Rather than spending your time choosing colors, worrying about accessibility and testing endlessly, it is much easier to settle on a confined set of colors which you know will will across various platforms, devices and disabilities.
Restricted Color Pallet
So what are the options? You want to select colors that are both high enough contrast that they can be distingusted by all 3 types of color blindness and at the same time work well in greyscale!
With some trial and error, I took various color swatches and ran them through each of the three color blind options and greyscale. For example, this shade of red (#ED1C24) comes out vastly differently when converted into the other four options. By itself, this isn’t very usuful because you need to be able to compare it to several other colors at once, because when this red moves to a yellow, will it conflict with that orange you are using? When in doubt, you should stick with a single monotone color palette, from white to black and a single hue in between. That way, if someone does have issues, all the colors will shift accordingly, including in greyscale. But what if you need to have more contrast or use multiple colors? It is possible. I have created a small set of swatches that work across the various issues with minimal confusion.
The first line is the regular color swatches. The following three lines are the major types of color blindness followed by greyscale. As you can see, no matter what set of colors you choose, they will not clash.
Once you have this core colors pallette, you have a nice toolbox for choosing appropriate colors for your charts and graphs. Before going off and selecting your own colors, choose from a pre-made list which is known not to conflict, while it’s not the most extensive, it is guaranteed to work best in all situations simultaneously.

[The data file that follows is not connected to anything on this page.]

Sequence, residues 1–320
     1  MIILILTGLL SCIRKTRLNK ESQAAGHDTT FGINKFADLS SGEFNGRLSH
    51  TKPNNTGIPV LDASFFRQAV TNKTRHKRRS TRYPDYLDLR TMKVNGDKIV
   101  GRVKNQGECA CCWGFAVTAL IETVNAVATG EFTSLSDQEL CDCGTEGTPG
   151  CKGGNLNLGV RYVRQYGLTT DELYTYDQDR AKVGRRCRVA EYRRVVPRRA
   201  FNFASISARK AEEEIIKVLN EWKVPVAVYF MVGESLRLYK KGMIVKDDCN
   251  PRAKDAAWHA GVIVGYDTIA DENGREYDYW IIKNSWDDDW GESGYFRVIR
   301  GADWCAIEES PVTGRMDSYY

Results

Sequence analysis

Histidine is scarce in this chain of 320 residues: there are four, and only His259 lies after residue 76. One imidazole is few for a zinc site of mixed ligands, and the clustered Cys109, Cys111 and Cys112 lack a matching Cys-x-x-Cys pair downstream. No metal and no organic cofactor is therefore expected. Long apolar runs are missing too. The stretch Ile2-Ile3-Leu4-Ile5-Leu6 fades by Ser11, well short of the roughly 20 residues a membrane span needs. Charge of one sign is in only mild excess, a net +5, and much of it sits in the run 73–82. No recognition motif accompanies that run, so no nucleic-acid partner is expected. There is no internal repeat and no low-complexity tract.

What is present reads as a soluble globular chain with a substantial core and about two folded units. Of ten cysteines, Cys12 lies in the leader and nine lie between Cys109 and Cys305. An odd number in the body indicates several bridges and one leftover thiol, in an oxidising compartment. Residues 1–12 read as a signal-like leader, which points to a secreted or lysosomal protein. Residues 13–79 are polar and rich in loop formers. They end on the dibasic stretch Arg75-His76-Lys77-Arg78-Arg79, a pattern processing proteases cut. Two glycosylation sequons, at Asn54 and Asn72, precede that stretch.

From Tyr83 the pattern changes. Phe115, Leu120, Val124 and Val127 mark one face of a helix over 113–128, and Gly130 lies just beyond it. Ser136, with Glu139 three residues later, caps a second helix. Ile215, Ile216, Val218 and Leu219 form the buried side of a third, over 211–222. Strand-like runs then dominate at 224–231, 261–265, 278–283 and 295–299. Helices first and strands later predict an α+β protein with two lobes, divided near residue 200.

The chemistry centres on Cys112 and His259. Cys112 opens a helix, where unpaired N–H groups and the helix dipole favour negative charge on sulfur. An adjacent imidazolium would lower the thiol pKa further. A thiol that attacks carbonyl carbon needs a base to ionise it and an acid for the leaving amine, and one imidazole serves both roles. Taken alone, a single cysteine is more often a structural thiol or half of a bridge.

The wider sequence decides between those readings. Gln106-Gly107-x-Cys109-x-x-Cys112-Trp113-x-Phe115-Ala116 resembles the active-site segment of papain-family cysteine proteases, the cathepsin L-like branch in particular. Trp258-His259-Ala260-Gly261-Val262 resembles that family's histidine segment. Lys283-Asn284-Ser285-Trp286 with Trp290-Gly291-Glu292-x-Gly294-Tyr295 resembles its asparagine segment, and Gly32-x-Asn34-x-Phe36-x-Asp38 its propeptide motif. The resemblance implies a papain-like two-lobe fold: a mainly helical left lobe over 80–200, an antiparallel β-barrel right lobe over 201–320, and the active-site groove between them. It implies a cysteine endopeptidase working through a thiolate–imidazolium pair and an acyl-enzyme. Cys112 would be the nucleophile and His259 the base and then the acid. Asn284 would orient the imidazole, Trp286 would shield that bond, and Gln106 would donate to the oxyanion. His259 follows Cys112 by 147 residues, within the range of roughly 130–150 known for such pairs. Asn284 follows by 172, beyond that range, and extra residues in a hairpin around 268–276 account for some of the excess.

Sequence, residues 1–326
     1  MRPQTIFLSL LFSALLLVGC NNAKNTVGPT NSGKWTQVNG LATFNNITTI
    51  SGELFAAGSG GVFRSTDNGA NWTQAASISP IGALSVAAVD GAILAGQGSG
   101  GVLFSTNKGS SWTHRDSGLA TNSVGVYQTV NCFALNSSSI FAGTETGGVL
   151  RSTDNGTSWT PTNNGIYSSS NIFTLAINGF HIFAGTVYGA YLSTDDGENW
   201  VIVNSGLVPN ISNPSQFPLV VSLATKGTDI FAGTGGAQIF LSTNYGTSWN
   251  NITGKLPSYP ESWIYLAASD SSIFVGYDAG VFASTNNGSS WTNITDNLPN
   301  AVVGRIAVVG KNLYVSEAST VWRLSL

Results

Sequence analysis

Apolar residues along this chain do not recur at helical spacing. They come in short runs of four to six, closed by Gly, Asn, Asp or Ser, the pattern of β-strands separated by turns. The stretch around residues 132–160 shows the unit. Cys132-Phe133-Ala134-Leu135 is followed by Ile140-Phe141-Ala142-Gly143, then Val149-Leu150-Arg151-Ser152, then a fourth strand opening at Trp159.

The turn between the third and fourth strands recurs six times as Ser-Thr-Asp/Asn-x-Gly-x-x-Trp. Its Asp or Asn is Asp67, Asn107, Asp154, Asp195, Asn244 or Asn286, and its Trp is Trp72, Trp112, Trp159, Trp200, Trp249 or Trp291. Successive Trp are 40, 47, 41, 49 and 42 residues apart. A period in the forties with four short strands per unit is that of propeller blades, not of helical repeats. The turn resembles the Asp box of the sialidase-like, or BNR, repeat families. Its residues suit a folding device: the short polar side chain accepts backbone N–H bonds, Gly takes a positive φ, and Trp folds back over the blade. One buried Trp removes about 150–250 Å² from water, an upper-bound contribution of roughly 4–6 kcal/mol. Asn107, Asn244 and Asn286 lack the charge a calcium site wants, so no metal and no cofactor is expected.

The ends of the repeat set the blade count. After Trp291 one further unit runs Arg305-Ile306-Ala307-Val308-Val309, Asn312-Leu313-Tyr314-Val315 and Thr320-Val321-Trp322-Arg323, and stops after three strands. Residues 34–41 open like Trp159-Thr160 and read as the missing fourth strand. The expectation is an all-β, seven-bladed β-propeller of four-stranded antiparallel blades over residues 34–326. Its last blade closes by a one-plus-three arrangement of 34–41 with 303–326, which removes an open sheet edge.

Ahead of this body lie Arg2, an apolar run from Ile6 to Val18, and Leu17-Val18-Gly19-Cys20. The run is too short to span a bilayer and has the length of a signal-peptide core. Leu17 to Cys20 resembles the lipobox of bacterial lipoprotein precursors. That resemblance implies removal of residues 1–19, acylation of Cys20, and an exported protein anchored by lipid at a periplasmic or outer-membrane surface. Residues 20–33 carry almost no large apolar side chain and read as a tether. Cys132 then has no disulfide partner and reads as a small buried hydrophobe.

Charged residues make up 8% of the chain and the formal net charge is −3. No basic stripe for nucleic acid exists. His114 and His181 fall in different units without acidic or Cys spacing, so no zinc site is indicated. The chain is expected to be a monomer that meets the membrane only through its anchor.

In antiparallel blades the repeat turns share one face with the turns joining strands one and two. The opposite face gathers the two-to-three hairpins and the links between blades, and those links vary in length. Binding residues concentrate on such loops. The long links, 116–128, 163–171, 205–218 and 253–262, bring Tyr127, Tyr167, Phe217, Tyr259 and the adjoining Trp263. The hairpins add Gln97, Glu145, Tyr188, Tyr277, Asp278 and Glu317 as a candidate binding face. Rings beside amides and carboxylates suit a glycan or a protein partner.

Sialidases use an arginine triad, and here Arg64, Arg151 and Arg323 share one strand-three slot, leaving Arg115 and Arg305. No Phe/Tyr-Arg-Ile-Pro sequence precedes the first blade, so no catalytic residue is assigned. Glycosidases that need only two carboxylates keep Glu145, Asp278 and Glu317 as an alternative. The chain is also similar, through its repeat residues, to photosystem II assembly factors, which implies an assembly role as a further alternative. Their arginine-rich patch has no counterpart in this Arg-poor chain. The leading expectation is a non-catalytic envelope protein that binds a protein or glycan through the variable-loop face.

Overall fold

If you are only dealing with two colors, then you should use the extremes, black and white. If a third color is needed, then choose one from the middle. If you need more colors, then try to space them out so their contrasts in greyscale minimize the similarities, such as the 1st, 3rd, 5th, and 7th colors.
Someone told me that I should seek inspiration from board game companies. I thought this was a great idea, they have thousands of customers, they will certainly run into this problem with some small percentage. Monopoly was suggested to me because the currency is all different colors. I found the HEX values for the bills and ran the results through the Color Oracle. Sadly, they are in no way safe for color blindness or greyscale.
But that’s OK. They are not depending on color to convey meaning. On each of the currency notes is the more important value. The key to understanding the value is the printed number, not the color. This is also why the game pieces are not the same shape, but rather houses, cars, dogs, boats, etc. When you start to look around, you will notice that boardgames actually are aware of color issues and mark the objects with something more that just color sometimes it is a shape, text or others features to let the players distinguish the differences.
Be careful when selecting your color palette, by accident you might choose safe colors, but in the worst case you might create confusion which leads to something much worse! Imagine a scenario where you color code prescription drugs for different family members. If someone has any color deficiencies, it could lead to horrible consequences if they mistake the bottles.
Always check your designs, either with someone who is color blind or with a simple application. It leads to a much better, robust design for everyone. Once you get into the habit, you’ll get the feel for the general issues. You can use my color palette or develop your own based on your color scheme. The important part is that you are aware of the problem with both humans and devices and you do your best to design around it by using safe defaults.